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Alternative Medicine Studies 2011; volume 1:e11

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Hydrogen is the lightest and most abundant


of chemical elements, constituting nearly 75%
of the universes elemental mass.1 It is a colorless, odorless, nonmetallic, tasteless, highly
flammable diatomic gas which is mainly used
in fossil fuel processing and ammonia production.16 Recent basic and clinical research has
revealed that hydrogen is an important physiological regulatory factor with antioxidant protective effects on cells and organs.17
For both stroke and myocardial infarction
there are now highly successful approaches to
restore blood flow to the ischemic tissue. So
far, however, research has failed to relieve this
pathological cascade of oxidative damage after
reperfusion injury, the burst of reactive oxygen
species irrevocably drives downstream signaling networks that lead to cellular necrosis and
apoptosis. In this issue, Ohsawa et al. report
that highly diffusible hydrogen gas can target
intracellular sources of reactive oxygen
species and dose-dependently inhibit reperfusion-induced oxidative damage. H2 selectively
reduces hydroxyl radical and peroxynitrite in
vitro and in vivo, which are much more reactive than other ROS.3
A recent study demonstrated that inhalation
of H2, at an incombustible level, limited the
extent of myocardial infarction resulting from
myocardial ischemia-reperfusion injury, and
thereby preserved left ventricular (LV) function in vivo and ex vivo. The anti-oxidant
action of molecular H2 may be explained, at
least partially, by direct ROS scavenging

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Introduction

Hydrogen is the lightest and most essential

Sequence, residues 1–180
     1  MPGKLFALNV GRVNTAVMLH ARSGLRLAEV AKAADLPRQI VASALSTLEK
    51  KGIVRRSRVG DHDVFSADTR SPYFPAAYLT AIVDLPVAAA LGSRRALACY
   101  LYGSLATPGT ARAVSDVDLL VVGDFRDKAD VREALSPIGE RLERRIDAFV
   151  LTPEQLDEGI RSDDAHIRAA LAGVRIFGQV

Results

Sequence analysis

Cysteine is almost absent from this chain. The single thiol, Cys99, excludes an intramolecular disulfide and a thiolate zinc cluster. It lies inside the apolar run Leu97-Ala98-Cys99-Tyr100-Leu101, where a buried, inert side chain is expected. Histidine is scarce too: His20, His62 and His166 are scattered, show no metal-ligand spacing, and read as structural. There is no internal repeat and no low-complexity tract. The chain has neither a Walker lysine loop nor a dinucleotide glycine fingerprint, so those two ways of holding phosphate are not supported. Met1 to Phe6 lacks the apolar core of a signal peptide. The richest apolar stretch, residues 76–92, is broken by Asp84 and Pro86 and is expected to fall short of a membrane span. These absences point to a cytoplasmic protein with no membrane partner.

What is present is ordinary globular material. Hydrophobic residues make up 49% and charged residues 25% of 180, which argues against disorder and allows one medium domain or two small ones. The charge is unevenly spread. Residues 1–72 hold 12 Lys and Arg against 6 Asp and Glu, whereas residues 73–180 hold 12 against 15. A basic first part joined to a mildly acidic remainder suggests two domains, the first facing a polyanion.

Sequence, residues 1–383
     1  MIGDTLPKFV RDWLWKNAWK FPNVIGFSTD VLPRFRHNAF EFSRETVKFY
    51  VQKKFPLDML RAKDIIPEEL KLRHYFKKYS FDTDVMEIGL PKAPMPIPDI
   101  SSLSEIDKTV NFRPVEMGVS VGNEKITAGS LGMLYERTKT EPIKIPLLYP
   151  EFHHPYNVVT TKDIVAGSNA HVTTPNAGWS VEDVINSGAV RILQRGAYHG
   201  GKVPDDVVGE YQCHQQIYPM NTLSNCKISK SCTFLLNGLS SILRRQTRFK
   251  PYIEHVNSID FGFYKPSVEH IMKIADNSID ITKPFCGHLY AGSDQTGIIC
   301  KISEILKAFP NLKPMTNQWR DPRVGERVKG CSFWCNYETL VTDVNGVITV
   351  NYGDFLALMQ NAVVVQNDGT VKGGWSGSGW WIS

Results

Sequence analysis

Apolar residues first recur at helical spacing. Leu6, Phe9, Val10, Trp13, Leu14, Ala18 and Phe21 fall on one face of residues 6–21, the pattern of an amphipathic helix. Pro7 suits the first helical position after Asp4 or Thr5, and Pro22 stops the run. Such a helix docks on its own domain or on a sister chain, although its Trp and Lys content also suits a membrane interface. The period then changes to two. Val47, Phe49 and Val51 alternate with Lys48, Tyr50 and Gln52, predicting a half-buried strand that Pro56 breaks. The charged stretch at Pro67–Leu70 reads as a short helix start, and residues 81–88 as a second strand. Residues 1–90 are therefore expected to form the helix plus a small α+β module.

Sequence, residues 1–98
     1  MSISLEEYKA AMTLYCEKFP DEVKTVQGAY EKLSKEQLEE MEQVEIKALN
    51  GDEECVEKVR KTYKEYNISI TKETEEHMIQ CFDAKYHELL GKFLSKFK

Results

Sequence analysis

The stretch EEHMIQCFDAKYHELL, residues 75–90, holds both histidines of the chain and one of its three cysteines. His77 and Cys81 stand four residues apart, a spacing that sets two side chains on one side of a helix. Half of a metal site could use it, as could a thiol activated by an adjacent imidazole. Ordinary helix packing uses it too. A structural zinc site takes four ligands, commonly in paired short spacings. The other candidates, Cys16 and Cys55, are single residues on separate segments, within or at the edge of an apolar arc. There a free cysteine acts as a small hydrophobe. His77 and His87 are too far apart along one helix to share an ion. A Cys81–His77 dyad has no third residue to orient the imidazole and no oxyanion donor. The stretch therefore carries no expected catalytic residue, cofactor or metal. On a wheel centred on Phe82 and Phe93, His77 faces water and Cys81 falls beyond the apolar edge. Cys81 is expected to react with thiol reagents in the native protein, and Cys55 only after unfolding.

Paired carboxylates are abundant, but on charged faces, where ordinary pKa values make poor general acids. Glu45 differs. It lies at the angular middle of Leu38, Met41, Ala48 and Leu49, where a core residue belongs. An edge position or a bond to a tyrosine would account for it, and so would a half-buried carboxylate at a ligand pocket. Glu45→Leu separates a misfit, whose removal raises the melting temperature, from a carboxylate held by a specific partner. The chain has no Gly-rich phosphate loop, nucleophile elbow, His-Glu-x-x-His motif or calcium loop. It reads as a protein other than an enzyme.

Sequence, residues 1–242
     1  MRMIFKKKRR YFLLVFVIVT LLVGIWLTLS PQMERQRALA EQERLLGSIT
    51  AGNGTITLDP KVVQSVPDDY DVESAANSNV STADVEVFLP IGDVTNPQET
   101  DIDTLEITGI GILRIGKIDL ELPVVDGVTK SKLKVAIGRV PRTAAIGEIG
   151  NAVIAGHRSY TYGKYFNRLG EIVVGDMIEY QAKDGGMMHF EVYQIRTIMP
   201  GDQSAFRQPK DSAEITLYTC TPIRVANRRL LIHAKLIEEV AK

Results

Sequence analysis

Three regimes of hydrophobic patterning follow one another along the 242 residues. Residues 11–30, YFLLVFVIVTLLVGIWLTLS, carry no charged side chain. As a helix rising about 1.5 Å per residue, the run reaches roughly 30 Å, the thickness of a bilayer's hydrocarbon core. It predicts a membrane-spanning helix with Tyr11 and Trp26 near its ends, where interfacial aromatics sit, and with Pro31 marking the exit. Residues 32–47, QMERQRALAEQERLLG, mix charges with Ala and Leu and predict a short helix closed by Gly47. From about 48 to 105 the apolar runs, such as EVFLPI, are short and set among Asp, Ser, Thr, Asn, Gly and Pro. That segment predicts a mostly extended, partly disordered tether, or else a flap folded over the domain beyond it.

chemical element, composing nearly 75% of
the universes elemental matter.1 Hydrogen is
seldom regarded as an important candidate in
medicine, especially as a therapeutic gas.2
However, a recent study showed that hydrogen
inhalation exhibited antioxidant and antiapoptotic activities which protected the brain
against ischemia-reperfusion injury by selectively reducing hydroxyl radical and peroxynitrite, which are much more reactive than other
ROS.3 Other researchers have indicated that
hydrogen can also improve myocardial, hepatic
ischemia-reperfusion injury, neonatal hypoxia-ischemia, Parkinsons disease; oxidative
stress induced cognitive decline and diabetes
mellitus (DM).4-9
Oxidative stress-mediated neurovascular

Acknowledgments: this study was supported by


National Natural Sciences Foundation of China
(No. 81070487), Doctoral Fund of Ministry of
Education of China (No.20090171120078),
Science and Technology Planning Project of
Guangdong Province, China (2010B031600038),
Medical Scientific Research Foundation of
Guangdong Province, China (No. A2009190), the
Fundamental Research Funds for theCentral
Universities, Asia Pacific Society for Sexual
Medicine Research Grant (No.2008-2), and Pfizer
Asia Urology Research Grant (WS570255 ).

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Hydrogen is an important
physiological regulatory factor with